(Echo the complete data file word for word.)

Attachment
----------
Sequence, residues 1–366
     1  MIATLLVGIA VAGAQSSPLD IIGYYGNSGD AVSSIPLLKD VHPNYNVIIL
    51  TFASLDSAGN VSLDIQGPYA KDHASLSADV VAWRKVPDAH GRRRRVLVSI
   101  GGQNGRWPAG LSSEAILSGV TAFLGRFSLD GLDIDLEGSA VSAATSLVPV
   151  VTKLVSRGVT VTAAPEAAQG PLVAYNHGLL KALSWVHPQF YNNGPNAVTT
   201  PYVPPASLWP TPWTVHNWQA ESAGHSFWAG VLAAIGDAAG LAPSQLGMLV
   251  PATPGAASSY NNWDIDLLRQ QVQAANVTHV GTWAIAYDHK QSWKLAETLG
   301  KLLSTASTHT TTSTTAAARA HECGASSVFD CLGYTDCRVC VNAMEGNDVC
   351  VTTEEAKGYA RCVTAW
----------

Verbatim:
Sequence, residues 1–366
     1  MIATLLVGIA VAGAQSSPLD IIGYYGNSGD AVSSIPLLKD VHPNYNVIIL
    51  TFASLDSAGN VSLDIQGPYA KDHASLSADV VAWRKVPDAH GRRRRVLVSI
   101  GGQNGRWPAG LSSEAILSGV TAFLGRFSLD GLDIDLEGSA VSAATSLVPV
   151  VTKLVSRGVT VTAAPEAAQG PLVAYNHGLL KALSWVHPQF YNNGPNAVTT
   201  PYVPPASLWP TPWTVHNWQA ESAGHSFWAG VLAAIGDAAG LAPSQLGMLV
   251  PATPGAASSY NNWDIDLLRQ QVQAANVTHV GTWAIAYDHK QSWKLAETLG
   301  KLLSTASTHT TTSTTAAARA HECGASSVFD CLGYTDCRVC VNAMEGNDVC
   351  VTTEEAKGYA RCVTAW